Beluga Lake

It’s something of a truism, if not an outright tautology, that every restaurant in Alaska has to offer a burger and fries on their menu to stay competitive. But the humble hamburger can be so much more than just a greasy afterthought stuck on the menu for the more plebeian eaters. The Beluga Lake Bar and Grill on Ocean Drive isn’t much to look at, but their unpretentious menu provides hands-down the best gourmet burgers in town. The Beluga Blue Burger is a particular showstopper, being loaded with bacon, blue cheese and caramelized onions. They also do excellent prime rib and fried seafood baskets. It’s a spacious open-seating place with a full bar — a great place to kick back after a day on the water, the museum, or the nearby farmers market.

The Bagel Shop

Few things in life compare to a fresh, warm bagel with a good schmear. The Bagel Shop on East End Road puts out some of the very best bagels in the state. Their menu is small — fresh bagels, schmears, and a couple delicious bagel sandwiches. What more does the weary traveler need in the morning? Sometimes less is more.

La Baleine Café

La Baleine Café on the famous Homer Spit is one of the best lunch spots in town, but they also do a bang-up breakfast. Their rendition of the American classic biscuits and gravy is exceptional, and their eggs Benedict will take you to a place beyond space, time, and breakfast. For lunch they throw down a very good hamburger, but their deli sandwiches will ruin you for franchise or grocery store versions. Local tip: If you’re on the go, both breakfast and lunch sandwiches are offered boxed up for takeaway.

Wasabi's Bistro

A view out of a window of a dining room, with mountains and a lake in the background.
The view from Wasabi’s.
Nathaniel Wilder

Wasabi’s Bistro on East End Road (just past the junction with Alan Drive) is where, according to their motto, east meets west and winds up somewhere north. They’re the only sushi joint in town, and their menu is extensive, but you can also tie into a half-dozen solid non-sushi entrees. Their vegetables are sourced from local market gardeners, and they often use local seafood. It all adds up to an outstanding dining experience combined with top-shelf artisan cocktails and an impressive sake selection. Wasabi’s is a fine-dining establishment, but this being Alaska, and Homer at that, nobody’s going to turn you away if you show up in jeans and a hoodie. But do make sure to book a table beforehand — they get busy.

A view out of a window of a dining room, with mountains and a lake in the background.
The view from Wasabi’s.
Nathaniel Wilder

The Chart Room Restaurant

A table with a white tablecloth and wine glasses sits in a picture window with a lake and mountains behind.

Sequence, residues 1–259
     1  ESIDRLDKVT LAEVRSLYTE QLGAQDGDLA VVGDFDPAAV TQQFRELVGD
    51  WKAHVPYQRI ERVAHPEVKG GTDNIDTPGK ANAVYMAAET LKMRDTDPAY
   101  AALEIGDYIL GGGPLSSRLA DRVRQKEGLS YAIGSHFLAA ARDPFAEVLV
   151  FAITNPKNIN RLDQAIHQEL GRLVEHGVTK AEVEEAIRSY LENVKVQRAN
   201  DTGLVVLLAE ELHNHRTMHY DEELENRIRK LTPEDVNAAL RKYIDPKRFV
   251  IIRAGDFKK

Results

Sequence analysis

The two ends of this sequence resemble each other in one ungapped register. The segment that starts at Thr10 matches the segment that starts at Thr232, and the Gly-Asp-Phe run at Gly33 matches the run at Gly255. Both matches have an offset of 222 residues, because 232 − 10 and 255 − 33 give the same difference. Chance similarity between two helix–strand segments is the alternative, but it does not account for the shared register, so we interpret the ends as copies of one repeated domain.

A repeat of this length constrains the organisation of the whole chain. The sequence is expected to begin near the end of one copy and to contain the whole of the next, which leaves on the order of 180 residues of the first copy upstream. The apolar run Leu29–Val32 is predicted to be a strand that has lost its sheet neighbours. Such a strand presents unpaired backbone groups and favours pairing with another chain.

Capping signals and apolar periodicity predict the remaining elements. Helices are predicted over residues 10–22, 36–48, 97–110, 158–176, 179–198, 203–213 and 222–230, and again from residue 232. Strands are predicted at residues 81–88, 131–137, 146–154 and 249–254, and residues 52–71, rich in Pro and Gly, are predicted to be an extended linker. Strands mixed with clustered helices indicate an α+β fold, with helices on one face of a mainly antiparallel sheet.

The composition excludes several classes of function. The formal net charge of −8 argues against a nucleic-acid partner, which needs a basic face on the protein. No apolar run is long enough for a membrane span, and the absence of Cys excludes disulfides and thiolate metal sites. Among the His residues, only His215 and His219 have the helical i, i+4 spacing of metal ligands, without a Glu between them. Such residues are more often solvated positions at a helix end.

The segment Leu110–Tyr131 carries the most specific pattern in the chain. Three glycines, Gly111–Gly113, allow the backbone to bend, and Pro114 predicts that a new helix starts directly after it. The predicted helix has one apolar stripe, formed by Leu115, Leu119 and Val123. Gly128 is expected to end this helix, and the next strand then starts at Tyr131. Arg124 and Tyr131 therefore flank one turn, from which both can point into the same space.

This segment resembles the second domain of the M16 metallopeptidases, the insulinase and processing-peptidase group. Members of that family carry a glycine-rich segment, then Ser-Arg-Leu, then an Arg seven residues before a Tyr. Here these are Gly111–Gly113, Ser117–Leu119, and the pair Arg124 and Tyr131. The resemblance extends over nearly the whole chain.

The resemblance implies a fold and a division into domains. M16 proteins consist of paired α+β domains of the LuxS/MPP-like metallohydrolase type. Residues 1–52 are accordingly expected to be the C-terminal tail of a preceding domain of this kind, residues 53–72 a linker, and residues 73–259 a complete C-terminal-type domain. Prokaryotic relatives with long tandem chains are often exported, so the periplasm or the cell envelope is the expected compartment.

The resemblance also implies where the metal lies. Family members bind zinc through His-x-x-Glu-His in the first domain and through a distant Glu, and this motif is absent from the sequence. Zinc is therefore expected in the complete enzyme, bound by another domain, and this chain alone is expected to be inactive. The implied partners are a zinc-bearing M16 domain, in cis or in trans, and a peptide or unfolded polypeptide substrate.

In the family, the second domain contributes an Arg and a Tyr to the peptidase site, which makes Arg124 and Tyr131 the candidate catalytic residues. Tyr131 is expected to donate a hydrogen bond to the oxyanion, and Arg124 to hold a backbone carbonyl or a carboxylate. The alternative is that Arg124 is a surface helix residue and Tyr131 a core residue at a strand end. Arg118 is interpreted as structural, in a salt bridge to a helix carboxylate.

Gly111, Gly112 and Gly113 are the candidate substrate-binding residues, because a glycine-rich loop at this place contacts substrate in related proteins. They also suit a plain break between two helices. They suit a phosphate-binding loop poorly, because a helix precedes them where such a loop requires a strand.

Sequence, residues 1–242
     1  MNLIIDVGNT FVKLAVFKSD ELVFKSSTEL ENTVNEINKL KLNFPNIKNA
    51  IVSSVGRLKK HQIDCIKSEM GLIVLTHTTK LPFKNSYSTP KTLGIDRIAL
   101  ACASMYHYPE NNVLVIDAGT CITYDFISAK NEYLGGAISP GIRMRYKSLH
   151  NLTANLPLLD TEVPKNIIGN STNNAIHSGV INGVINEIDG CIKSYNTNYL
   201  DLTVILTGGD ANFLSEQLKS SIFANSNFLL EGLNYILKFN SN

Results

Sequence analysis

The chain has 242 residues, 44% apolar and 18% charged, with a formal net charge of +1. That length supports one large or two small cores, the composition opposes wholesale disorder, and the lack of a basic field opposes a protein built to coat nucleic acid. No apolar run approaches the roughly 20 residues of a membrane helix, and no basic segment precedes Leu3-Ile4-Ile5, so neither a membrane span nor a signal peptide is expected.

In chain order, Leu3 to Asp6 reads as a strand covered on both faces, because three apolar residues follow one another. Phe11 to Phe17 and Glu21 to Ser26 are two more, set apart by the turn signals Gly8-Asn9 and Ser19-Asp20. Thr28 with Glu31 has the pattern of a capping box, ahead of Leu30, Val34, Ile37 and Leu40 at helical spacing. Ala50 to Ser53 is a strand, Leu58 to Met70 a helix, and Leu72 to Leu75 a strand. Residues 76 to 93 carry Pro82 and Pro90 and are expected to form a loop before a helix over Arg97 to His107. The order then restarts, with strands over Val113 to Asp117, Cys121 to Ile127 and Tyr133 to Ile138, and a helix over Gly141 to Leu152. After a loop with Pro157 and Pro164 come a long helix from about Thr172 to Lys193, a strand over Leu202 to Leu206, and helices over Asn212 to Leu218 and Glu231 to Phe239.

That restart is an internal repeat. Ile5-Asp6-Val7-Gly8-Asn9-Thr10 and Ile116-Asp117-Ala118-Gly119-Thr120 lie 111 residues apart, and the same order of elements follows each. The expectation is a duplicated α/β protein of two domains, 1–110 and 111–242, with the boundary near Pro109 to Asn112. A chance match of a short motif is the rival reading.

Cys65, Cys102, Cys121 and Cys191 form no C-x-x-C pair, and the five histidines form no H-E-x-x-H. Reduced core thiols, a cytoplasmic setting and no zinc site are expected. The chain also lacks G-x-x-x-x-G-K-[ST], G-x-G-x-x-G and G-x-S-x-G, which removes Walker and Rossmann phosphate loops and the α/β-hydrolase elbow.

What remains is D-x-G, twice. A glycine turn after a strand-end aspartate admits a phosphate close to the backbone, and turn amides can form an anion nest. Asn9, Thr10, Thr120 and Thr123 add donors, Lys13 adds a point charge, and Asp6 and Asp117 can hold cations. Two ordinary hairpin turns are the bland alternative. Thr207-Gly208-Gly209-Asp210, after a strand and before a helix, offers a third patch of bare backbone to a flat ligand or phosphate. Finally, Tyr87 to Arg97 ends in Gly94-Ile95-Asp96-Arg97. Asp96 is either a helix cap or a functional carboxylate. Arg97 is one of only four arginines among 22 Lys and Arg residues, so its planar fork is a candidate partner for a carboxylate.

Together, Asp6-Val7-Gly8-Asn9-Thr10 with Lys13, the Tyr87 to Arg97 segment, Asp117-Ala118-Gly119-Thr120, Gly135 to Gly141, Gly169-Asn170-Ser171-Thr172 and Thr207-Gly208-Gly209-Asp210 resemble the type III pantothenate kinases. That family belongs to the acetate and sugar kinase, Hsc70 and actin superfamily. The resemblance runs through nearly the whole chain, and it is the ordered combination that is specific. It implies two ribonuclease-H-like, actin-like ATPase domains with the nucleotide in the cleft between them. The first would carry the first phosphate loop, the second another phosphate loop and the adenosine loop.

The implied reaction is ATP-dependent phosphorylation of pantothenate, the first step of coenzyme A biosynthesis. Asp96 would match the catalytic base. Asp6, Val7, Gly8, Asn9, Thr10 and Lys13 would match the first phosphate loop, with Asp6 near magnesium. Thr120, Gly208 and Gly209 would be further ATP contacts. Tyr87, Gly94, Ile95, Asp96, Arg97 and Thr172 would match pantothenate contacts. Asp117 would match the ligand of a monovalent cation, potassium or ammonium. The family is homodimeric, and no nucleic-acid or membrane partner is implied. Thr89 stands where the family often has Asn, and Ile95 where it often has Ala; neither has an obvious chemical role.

The dining room at the Chart Room.
Nathaniel Wilder

The Chart Room is the seaside restaurant attached to the Land’s End Resort at the very tip of the Homer Spit. Like a lot of places in Homer, it sports a great view, but in this case you’re right down on the saltwater and it feels like you’re on the prow of a ship cruising through the bay. The food is more on the fine-dining end of the spectrum, but with a hefty dose of the relaxed attitude Homer is known for. You can get four different kinds of steak, a chicken-mushroom roulade, or even just the good old hamburger and fries. They’re also well-known for their large deck that faces the water and the mountains. You’re so close you can hear the waves lapping at the gravel. It’s a great place for a cocktail with friends on a sunny day, and with some luck you might spot a sea otter drifting with the tide.

A table with a white tablecloth and wine glasses sits in a picture window with a lake and mountains behind.
The dining room at the Chart Room.
Nathaniel Wilder

The Saltry Restaurant

A handful of people and dogs sit on a wood deck overlooking a picturesque Alaska bay.
The deck at the Saltry.

Nathaniel Wilder

The Saltry is without a doubt one of the world’s great dining experiences. It’s located across Kachemak Bay in the tiny settlement of Halibut Cove, so the night out starts aboard the Danny J, a restored antique fishing boat that serves as the restaurant’s ferry. You take a 20-minute cruise across the water and tie up at the dock below the restaurant. The place itself looks a bit like something cobbled together by hippies, Hobbits, and homesteaders out of driftwood, stones, and old cannery planks. It was founded by Marian Beck, the daughter of a former state senator who grew up in Halibut Cove. The seating is all outdoors on an enormous deck, so dress accordingly. Seafood is their specialty, and every item on the menu comes from the local ocean and from the gardens on the island. It’s light, modern, ocean-to-table with bold flavors that are allowed to stand for themselves, and you can wash it down with some of the finest wines and beers available. You can choose to ride the Danny J back to the mainland when you’re finished, or overnight accommodation is available. But make sure you call ahead and book well in advance, or better yet, plan your whole Homer excursion around the experience.

A handful of people and dogs sit on a wood deck overlooking a picturesque Alaska bay.
The deck at the Saltry.

Nathaniel Wilder